“That’s what excites me, to do something unique out of something that you would eventually throw away,” she says.

And also echoing the community-minded spirit here is the Pass on the Love booth, a consignment-style shop set up by food vendor Festivities where proceeds benefit local nonprofit organizations.

Second helpings

Now open Fridays through Sundays (and Thursdays for private events), SoNo Marketplace is designed for repeat visits, with special festivities and continued plans for expansion.

“We’re evolving, and we’re building and we’re looking forward to a great summer,” Esteva says.

With the summertime outdoor market and pop-up tenants to be sprinkled in throughout the season and again for the holidays, the marketplace promises to be an ever-evolving destination where first-time visitors such as Bonnie Paige may very well become regulars.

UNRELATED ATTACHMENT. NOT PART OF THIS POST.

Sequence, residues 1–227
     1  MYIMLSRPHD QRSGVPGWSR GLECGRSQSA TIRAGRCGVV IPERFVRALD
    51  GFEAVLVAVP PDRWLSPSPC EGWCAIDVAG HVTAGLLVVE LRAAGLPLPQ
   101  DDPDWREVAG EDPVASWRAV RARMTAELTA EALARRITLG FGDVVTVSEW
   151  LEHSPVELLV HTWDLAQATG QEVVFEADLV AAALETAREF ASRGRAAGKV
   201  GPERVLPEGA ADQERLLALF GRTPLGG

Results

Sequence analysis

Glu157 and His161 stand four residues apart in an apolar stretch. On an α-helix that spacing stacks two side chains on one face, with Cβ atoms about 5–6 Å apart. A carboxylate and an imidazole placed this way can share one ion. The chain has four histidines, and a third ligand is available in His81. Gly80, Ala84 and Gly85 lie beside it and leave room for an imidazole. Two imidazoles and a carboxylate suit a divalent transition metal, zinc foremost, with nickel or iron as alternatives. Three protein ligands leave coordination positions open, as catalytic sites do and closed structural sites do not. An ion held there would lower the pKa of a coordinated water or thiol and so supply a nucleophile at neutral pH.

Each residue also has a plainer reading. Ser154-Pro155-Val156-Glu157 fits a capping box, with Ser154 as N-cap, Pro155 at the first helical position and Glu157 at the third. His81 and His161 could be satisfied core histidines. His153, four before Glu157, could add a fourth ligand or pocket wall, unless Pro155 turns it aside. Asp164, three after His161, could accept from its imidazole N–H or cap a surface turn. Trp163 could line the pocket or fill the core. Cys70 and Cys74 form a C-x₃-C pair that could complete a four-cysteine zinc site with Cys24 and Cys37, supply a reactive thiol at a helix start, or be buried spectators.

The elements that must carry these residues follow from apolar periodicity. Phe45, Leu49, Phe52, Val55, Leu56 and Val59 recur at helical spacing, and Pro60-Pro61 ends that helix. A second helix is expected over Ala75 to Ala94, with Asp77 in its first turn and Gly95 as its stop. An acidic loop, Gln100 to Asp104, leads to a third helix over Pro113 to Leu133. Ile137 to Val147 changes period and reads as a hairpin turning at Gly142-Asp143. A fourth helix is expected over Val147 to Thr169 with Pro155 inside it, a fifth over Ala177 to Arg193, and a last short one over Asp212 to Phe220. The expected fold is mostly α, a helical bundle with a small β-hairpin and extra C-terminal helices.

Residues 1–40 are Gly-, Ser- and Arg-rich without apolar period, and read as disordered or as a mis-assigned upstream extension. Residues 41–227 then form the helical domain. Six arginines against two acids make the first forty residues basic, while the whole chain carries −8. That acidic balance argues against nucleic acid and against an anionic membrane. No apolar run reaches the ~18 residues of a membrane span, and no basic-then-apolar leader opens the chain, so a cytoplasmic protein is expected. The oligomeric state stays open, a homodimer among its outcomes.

The Fairfield woman was ordering from PastaPresta on the day of WAG’s visit. It turns out she is a friend of Dorothy Mulroy, the juice-bar owner, and had stopped by to wish her well.

But, it seems, she couldn’t resist the lure of the neighboring vendors. As she waited for her fresh pasta to be wrapped, she shared how the SoNo Marketplace had impressed – and clearly tempted – her.

“This is such a great place. Everything looks great,” she says. “I don’t want to come here too hungry.”

Oh, but we do – and you may as well.

For more details on SoNo Marketplace, at 314 Wilson Ave. in South Norwalk, call (203) 838-0719 or visit n

A farmers’ market adds seasonal flair to SoNo Marketplace.